Date of Award
At the beginning of American involvement in the Second World War the United States Navy developed a new class of vessel that had a tremendous impact during World War II. This vessel was the Patrol Torpedo boat. Originally designed to conduct torpedo attacks on enemy surface vessels, the PT boat successfully adapted multiple roles in addition to being a torpedo attack craft. The versatility of the Patrol Torpedo boat during World War II serving in these various roles and as an element of the US Navy has not been recognized by recent scholarship. Using primary sources from the National Archives in College Park, Maryland, and secondary sources this paper demonstrates that the Patrol Torpedo boat was a weapon that exemplified economy of force. A small inexpensive naval vessel was able to replace larger ships and work with different elements of the fleet to deny the use of coastal waters to the enemy.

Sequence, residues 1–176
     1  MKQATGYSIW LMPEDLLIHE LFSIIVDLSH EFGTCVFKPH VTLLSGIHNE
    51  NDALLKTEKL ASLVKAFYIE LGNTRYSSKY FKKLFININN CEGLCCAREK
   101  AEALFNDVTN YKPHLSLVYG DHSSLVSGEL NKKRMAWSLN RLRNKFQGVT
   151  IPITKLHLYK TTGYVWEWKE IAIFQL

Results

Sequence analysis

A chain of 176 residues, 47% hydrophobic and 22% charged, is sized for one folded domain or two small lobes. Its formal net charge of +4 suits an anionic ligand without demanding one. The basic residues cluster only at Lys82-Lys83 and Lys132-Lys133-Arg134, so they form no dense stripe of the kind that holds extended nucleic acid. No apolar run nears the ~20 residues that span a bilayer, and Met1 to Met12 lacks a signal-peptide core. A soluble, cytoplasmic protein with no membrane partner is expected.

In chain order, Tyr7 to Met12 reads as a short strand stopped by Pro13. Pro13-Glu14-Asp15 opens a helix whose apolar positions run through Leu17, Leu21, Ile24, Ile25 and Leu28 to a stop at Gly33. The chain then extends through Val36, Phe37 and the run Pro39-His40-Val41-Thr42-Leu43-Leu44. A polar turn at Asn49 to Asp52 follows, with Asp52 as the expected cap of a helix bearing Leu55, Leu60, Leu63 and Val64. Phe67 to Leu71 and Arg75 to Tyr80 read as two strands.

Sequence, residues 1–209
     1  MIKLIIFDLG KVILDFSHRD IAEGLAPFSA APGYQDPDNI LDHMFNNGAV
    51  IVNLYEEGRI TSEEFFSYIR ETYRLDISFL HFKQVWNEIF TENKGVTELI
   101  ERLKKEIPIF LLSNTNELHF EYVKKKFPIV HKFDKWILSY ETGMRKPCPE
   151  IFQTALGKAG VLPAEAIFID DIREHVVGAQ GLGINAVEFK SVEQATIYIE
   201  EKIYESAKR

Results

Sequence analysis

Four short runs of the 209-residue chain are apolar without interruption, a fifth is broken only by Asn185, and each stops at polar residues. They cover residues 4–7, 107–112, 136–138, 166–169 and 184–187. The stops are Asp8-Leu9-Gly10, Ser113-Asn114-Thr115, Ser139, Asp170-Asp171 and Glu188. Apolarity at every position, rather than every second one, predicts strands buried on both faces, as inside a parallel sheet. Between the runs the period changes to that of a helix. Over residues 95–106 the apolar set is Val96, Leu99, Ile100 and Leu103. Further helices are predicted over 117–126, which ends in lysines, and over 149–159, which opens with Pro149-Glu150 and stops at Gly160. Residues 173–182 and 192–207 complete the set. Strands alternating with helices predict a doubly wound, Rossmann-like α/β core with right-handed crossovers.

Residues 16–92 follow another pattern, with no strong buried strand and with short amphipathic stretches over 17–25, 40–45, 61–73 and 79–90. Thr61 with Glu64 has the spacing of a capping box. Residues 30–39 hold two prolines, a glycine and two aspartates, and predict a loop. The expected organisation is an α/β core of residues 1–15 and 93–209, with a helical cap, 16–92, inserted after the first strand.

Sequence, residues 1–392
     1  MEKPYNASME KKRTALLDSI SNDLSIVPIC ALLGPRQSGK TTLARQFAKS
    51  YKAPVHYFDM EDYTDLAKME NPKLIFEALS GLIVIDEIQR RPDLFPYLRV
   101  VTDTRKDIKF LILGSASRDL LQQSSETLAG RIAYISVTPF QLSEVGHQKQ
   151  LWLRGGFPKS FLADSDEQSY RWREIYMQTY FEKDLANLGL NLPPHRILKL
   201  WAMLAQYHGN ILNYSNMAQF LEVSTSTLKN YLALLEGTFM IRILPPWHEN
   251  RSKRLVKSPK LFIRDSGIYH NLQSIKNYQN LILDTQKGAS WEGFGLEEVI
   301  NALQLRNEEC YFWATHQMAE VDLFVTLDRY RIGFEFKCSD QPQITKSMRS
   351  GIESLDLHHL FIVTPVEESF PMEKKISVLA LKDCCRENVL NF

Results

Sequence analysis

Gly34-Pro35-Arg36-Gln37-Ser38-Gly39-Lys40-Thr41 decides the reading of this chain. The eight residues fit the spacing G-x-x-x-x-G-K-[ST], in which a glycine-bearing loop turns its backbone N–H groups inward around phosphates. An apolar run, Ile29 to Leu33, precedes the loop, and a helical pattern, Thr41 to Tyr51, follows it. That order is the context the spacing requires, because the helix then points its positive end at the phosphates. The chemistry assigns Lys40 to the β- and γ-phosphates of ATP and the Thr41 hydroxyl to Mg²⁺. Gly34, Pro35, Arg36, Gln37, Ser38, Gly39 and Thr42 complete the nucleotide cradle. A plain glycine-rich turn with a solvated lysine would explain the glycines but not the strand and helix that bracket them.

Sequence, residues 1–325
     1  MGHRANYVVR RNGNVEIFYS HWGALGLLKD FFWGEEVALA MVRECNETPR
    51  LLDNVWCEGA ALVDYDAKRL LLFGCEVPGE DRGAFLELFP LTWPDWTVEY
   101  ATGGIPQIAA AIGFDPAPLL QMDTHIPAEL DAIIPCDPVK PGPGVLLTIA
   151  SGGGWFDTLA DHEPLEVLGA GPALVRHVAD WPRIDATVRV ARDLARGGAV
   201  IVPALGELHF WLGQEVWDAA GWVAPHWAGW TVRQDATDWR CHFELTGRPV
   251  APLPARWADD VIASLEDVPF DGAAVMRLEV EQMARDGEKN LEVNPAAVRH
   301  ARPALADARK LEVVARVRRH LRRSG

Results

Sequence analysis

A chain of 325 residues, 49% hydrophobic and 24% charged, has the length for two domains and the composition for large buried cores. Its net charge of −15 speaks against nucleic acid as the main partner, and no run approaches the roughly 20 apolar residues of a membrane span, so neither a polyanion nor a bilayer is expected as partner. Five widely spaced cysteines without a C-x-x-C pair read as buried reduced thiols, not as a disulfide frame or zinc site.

Schick, Joshua J., "Firing Point: Patrol Torpedo Boats during World War II" (2012). University of New Orleans Theses and Dissertations. 1602.